- Breed group — Toy group (American Kennel Club)
- Height — 8-11 inches
- Weight — 5-10 pounds
- Coat length & texture — Long, silky, flowy
- Coat color — Parti-colors, where the coat is over 50% with a combination of colors like black, brown, red, or fawn.
- Exercise needs — Average
- Intelligence — High
- Barking — Not excessive
- Life span — 14-16 years
- Temperament — Happy, social, and playful
- Hypoallergenic — No
- Origin — South Africa
Papillon fun facts
- “Papillon” is the French word for “butterfly”, which the breed’s fluttery ears resemble.
- Papillons were popular among French royalty, including Marie Antoinette.
- Papillons are considered one of the oldest toy breeds still in existence today.
Papillon temperament and characteristics
The papillon is a toy dog with a temperament that might surprise you. This small but mighty breed is known for its quickness and curiosity. Despite their refined appearance, these energetic little dogs love to play and explore. They are happy, alert, and friendly dogs who are rarely ever shy or aggressive. Papillons are also intelligent and easy to train with the right guidance.
Papillons thrive on human companionship and have gentle, amiable personalities that make them great companions in any setting. They love adventure and are confident, outgoing dogs who usually get along well with everyone they meet— including children. Although they may be standoffish with strangers at first, socialization is key to building their confidence around new people.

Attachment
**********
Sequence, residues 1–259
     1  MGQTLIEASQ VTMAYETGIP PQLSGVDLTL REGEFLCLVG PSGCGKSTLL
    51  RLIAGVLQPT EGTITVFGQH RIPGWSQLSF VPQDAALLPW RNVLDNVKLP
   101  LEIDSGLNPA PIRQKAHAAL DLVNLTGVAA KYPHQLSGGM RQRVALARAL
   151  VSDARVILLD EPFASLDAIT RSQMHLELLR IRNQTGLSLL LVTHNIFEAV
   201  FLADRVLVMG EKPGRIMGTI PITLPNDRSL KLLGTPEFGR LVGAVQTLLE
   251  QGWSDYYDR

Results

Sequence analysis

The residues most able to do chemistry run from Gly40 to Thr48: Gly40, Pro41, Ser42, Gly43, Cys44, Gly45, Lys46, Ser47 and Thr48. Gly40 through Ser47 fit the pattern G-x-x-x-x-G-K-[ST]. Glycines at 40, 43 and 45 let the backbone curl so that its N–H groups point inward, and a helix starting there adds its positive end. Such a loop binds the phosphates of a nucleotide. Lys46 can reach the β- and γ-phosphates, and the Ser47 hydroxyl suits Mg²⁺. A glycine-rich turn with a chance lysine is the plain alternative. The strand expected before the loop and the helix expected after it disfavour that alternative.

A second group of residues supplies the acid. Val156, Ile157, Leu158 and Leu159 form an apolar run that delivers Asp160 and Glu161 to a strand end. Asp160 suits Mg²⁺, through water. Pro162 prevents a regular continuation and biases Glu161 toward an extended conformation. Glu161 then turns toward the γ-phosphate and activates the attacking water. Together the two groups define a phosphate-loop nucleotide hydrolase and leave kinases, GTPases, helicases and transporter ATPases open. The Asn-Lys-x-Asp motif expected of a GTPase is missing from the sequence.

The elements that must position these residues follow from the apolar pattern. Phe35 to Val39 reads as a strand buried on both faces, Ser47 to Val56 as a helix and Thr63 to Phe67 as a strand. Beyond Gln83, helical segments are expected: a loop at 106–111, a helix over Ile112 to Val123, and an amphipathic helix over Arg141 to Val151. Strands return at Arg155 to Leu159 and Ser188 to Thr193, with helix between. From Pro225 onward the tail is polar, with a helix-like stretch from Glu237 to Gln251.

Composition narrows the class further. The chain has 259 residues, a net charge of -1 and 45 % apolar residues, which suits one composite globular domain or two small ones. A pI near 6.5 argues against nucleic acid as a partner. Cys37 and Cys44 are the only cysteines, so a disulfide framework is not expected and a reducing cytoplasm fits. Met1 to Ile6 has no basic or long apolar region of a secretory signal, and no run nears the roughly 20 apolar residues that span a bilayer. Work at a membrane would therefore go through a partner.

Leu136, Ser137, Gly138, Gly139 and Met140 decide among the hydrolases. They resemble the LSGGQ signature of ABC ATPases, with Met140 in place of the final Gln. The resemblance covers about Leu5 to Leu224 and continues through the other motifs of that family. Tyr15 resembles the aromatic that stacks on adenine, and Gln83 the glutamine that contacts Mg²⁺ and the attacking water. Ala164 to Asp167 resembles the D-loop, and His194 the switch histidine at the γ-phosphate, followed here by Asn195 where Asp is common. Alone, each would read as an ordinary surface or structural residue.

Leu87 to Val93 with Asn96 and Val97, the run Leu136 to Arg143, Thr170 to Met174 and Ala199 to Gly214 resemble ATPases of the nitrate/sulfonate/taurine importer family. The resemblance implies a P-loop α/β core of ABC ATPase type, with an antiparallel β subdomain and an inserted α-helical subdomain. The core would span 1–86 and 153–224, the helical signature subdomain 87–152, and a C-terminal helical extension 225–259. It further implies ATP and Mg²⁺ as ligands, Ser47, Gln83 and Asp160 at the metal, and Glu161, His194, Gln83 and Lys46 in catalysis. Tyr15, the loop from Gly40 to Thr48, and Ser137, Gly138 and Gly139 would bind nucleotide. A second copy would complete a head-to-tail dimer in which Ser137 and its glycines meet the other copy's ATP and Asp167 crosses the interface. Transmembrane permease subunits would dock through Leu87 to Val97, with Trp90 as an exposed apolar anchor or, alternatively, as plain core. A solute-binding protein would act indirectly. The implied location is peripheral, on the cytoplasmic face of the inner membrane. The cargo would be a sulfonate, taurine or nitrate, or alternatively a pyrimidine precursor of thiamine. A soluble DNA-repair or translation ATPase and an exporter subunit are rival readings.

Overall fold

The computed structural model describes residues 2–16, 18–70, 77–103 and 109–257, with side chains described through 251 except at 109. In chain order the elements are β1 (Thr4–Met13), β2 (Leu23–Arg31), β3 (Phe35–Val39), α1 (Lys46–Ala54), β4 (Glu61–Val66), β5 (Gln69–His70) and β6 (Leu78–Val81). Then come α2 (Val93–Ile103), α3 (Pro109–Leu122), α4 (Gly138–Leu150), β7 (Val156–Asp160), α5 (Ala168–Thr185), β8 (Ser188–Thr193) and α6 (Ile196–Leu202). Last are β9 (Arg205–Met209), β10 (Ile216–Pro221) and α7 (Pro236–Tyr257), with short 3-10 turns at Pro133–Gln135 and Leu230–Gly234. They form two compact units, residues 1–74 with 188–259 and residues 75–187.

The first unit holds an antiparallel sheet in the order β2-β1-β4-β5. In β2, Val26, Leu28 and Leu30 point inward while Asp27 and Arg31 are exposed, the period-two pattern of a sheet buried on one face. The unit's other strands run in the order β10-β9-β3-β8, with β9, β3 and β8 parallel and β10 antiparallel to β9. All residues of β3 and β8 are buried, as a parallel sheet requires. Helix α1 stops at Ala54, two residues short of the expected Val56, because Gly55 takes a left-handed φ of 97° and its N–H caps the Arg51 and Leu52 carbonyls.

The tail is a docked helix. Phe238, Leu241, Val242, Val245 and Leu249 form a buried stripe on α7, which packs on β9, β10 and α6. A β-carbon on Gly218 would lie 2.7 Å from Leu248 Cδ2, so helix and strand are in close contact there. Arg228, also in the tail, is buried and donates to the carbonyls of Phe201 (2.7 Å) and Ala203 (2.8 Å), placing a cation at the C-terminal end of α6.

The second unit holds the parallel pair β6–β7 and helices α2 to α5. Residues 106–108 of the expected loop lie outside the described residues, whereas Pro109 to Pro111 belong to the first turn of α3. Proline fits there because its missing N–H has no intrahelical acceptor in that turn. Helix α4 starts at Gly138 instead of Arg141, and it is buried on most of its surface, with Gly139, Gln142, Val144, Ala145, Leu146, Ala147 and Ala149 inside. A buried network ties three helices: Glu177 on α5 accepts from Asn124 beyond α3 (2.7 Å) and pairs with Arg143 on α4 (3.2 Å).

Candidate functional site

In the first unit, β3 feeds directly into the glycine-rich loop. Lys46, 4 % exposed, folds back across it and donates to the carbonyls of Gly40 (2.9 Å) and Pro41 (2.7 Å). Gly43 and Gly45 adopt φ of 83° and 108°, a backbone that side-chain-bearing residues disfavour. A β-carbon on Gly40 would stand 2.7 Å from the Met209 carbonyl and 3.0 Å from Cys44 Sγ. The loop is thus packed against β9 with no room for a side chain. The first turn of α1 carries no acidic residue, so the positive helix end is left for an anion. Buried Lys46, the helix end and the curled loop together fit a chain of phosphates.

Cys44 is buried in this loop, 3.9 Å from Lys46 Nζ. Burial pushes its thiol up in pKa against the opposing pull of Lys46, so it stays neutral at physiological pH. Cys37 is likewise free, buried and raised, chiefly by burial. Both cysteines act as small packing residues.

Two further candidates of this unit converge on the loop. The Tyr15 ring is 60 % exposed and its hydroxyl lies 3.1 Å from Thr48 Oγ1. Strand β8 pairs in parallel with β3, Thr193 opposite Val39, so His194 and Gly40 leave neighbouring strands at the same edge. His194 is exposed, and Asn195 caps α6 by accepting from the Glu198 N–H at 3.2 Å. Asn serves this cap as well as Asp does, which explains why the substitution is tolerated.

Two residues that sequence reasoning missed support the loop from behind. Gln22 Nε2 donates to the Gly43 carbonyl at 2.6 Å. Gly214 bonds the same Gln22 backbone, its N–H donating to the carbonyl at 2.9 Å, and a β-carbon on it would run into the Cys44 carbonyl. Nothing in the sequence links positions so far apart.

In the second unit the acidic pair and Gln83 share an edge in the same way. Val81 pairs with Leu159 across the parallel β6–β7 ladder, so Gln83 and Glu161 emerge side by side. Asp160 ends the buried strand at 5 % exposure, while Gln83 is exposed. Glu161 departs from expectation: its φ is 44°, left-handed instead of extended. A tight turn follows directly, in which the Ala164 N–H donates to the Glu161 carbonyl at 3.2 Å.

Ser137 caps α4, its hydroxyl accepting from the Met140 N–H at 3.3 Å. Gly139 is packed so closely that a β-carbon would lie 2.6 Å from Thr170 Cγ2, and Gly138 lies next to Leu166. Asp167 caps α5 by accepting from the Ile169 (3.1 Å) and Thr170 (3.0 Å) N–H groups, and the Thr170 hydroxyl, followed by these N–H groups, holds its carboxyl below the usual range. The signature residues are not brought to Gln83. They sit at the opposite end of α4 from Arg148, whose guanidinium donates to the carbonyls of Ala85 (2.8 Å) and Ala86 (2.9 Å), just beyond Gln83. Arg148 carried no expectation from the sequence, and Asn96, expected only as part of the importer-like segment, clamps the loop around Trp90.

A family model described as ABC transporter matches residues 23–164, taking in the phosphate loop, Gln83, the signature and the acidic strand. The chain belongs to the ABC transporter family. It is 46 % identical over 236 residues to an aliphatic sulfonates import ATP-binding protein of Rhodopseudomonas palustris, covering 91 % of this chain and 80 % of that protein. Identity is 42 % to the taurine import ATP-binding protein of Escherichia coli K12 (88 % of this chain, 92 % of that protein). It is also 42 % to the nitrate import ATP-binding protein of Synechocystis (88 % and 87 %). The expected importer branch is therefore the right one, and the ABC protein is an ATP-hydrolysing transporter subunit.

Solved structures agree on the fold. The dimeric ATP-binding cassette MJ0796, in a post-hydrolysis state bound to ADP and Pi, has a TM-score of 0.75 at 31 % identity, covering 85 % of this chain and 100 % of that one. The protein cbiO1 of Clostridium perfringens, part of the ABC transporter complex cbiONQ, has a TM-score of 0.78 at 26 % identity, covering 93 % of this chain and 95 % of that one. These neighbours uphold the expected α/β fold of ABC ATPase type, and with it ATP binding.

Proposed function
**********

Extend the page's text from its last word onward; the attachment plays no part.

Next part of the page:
Though small dogs, papillons will still get along with larger animals. Overall, the papillon is an excellent companion for those looking for a high energy yet affectionate pup!
Common papillon health problems
Papillons are generally a healthy breed, but these little dogs may be prone to a few specific health issues.
- Legg-Calvé-Perthes Disease. This is a hip joint disorder. Legg-Calvé-Perthes disease often leads to arthritis in the affected joint and can cause severe pain or even lameness.
- Patellar luxation. This condition causes the kneecaps to slip out of place. While the two conditions are not related, patellar luxation can cause severe pain and lameness like Legg-Calvé-Perthes disease, so it’s important to get your dog to the vet should they exhibit symptoms.
- Tracheal collapse. Tracheal collapse is when the cartilage rings compress and lose their flexibility. The condition can lead to coughing fits and difficulty breathing
- Congenital heart defects. A congenital heart defect is an abnormality that exists in your dog’s heart from the time of birth. These defects may range from mild to severe. In all cases, regular monitoring by a vet is required.
- Infantile neuroaxonal dystrophy (NAD). NAD impacts a papillon’s nervous system. This may cause problems with mental development, loss of vision, or even muscular issues.
- Eye disorders. Papillons can be prone to different eye issues, such as progressive retinal atrophy or juvenile cataracts, which can cause vision problems or even complete blindness. Always make sure to monitor your pup’s eye health to get an early gauge of potential eye disorders.
While these conditions can be managed with appropriate medical attention and care, it’s important for new owners to become familiar with their pup’s potential genetic predispositions. Regular veterinarian visits are key to catching any potential issues early so that the dog can get the treatment it needs.
Cost of caring for papillons
Caring for a papillon can come with certain costs that owners should be aware of. The initial cost for purchasing or adopting your pup will vary greatly depending on the breeder or rescue organization.